Personality tests. Desktop surveillance. Acronyms. Diminishing job security. Dan Lyons, bestselling author of Disrupted and writer on the HBO series Silicon Valley, deliciously roasts the new work climate, while asking what can be done to recoup some sanity and dignity for the expanding class of middle-class serfs.
First, you are lucky to be here. Also, we do not care about you. We offer no job security. This is not a career. We provide no training or career development. We will pay you as little as possible. You will work long hours under constant pressure and with no privacy. We will read your email. HR will not help you. Your managers may not know what they are doing. They also may be abusive. If you file a complaint you may be fired. You may be fired even though you’re doing a good job. You may be fired for no reason at all. We do not offer day care. There are snacks and beer in the kitchen.
Personality tests. Team-building exercises. Forced Fun. Desktop surveillance. Open-plan offices. Acronyms. Diminishing job security. Hot desking. Pointless perks. Hackathons.
If any of the above sound familiar, welcome to the modern economy. In this hilarious, but deadly serious book, bestselling author Dan Lyons looks at how the world of work has slowly morphed from one of unions and steady career progression to a dystopia made of bean bags and unpaid internships. And that’s the ‘good’ jobs…
With the same wit that made Disrupted an international bestseller, Lyons shows how the hypocrisy of Silicon Valley has now been exported globally to a job near you. Even low-grade employees are now expected to view their jobs with a cult-like fervour, despite diminishing prospects of promotion. From the gig economy to the new digital oligarchs, Lyons deliciously roasts the new work climate, while asking what can be done to recoup some sanity and dignity for the expanding class of middle-class serfs.
Dan Lyons is an author, journalist, and screenwriter. He has co-produced and written for the HBO series Silicon Valley, was technology editor at Newsweek and was the creator of the ground-breaking viral blog “The Secret Diary of Steve Jobs” (AKA “Fake Steve Jobs”). His first book, Disrupted, was a New York Times Bestseller.
Comic Robin Ince uses the life of the stand-up as a way of exploring some of the biggest questions we all face. Where does anxiety come from? How do we overcome imposter syndrome? What is the key to creativity? How can we deal with grief?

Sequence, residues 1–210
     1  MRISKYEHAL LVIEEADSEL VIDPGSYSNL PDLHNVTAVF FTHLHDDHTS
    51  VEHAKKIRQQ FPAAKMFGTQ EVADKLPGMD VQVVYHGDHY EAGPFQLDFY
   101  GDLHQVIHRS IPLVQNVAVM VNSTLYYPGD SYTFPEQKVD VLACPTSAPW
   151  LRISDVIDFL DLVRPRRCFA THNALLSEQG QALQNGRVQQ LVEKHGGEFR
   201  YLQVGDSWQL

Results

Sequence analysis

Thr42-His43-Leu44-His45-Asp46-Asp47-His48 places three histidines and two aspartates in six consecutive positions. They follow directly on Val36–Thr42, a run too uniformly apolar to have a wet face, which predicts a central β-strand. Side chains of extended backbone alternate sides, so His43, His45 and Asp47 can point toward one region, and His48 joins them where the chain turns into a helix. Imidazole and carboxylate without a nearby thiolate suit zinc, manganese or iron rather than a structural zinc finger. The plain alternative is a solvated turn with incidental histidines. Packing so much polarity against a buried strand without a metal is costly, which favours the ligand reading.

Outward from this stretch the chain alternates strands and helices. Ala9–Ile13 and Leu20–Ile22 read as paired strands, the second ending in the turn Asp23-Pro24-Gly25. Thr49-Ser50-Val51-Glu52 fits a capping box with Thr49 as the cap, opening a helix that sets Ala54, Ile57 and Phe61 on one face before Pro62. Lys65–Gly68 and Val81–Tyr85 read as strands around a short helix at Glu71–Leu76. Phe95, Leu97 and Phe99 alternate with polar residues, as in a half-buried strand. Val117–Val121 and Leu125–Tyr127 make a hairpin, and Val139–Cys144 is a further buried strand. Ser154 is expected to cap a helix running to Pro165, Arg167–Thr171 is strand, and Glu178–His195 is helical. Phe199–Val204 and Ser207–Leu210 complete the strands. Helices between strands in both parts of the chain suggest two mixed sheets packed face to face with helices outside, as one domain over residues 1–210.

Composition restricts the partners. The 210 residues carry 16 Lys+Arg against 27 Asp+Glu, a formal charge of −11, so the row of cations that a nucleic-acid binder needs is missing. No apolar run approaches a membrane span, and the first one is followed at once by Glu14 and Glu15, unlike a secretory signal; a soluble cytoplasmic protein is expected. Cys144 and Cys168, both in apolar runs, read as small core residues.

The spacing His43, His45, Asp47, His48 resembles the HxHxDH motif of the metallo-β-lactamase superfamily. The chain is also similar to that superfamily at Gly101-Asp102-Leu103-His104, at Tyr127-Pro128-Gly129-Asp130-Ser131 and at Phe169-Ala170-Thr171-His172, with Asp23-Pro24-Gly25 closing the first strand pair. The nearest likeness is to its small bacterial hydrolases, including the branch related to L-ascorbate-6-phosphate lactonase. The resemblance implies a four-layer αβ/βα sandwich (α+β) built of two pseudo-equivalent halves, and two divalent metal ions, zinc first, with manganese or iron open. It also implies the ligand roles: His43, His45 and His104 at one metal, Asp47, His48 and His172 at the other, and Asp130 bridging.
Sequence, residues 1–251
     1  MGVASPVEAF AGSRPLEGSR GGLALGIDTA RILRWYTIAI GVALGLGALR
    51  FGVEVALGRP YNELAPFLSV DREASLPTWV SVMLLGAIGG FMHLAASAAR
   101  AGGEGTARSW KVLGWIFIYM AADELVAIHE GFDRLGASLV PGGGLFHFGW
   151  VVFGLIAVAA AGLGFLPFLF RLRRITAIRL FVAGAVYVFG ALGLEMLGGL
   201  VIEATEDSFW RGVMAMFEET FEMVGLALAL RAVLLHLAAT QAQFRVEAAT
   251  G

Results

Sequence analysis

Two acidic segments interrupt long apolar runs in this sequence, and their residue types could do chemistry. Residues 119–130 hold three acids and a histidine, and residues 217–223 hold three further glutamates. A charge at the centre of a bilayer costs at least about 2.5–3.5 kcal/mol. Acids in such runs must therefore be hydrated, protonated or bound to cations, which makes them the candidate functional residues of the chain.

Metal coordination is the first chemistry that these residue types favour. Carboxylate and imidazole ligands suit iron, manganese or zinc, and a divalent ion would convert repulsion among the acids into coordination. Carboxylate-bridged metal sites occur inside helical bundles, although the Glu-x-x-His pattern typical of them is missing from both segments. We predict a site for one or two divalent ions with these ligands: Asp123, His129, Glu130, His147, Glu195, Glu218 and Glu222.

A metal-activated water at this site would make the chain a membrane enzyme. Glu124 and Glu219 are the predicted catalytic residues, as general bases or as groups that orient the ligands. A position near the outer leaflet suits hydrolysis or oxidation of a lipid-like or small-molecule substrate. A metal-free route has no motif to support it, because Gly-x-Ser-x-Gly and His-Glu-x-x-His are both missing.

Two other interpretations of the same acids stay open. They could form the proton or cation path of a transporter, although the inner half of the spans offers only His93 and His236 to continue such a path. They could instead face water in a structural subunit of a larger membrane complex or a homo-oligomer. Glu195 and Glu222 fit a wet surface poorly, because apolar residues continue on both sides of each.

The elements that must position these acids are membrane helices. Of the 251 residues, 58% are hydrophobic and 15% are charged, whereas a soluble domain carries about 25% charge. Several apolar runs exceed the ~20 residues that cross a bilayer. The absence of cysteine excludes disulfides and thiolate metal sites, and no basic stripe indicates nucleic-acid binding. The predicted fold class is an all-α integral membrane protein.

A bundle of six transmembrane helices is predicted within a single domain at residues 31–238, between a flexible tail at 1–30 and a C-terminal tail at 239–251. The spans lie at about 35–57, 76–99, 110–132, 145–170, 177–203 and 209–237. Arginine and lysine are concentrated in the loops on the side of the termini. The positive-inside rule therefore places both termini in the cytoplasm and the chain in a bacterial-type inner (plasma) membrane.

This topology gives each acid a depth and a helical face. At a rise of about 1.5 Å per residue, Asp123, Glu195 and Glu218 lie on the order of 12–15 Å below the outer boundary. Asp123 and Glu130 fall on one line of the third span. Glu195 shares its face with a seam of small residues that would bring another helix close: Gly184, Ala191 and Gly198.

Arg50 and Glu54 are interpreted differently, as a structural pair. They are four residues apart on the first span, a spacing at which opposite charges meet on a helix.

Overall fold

What better way to understand ourselves than through the eyes of comedians – those who professionally examine our quirks on stage daily? In this touching and witty book, I’m a Joke and So Are You: A Comedian’s Take on What Makes Us Human, award-winning presenter and comic Robin Ince uses the life of the stand-up as a way of exploring some of the biggest questions we all face. Where does anxiety come from? How do we overcome imposter syndrome? What is the key to creativity? How can we deal with grief?
Informed by personal insights from Robin as well as interviews with some of the world’s top comedians, neuroscientists and psychologists, this is a hilarious and often moving primer to the mind. But it is also a powerful call to embrace the full breadth of our inner experience – no matter how strange we worry it may be!
Robin Ince is co-presenter of the award-winning BBC Radio 4 show, The Infinite Monkey Cage. He has won the Time Out Outstanding Achievement in Comedy, was nominated for a British Comedy Award for Best Live show and has won three Chortle Awards. He has toured his stand up across the world from Oslo to LA to Sydney, both solo and with his radio double act partner, Professor Brian Cox. He is the radio critic for the Big Issue and appears regularly on both television and radio. He has two top-ten iTunes podcast series to his name.
What is it about “evil” that we find so compelling? From our obsession with serial killers to violence in pop culture, we seem inescapably drawn to the stories of monstrous acts and the people who commit them.
In her talk, Dr Julia Shaw uses a compelling mix of science, popular culture, and real-life examples to break down timely and important issues. How similar is your brain to a psychopath’s? How many people have murder fantasies? Can A.I. be evil? Do your sexual proclivities make you a bad person? Who becomes a terrorist?
This is a wide-ranging exploration into a fascinating, darkly compelling subject.
Talks are held on the first Wednesday of the month starting at 7:30 pm unless otherwise noted. We meet in the Star and Garter pub, 60 Old Woolwich Road, London SE10 9NY. The Star and Garter pub is close to many transport links and is approximately 7 minutes walk from Maze Hill Overground Station, or 10 minutes walk from the Cutty Sark DLR Station. Although the pub does not serve food, there are plenty of excellent restaurants in Greenwich, including several very nearby on Trafalgar Road. Attendance is free (unless otherwise stated) although a small donation to help cover expenses is appreciated. There is no need to book in advance (again, unless otherwise stated).
NB: You are strongly recommended to register (at no cost) with the “Psychology of the Paranormal” email list (run by Professor Chris French, Head of the Anomalistic Psychology Research Unit, Goldsmiths, University of London) to ensure that you are informed of any future changes to the programme as well as news of related events. You can also follow @chriscfrench on Twitter for announcements (including news of last-minute cancellations, changes of speaker, etc.).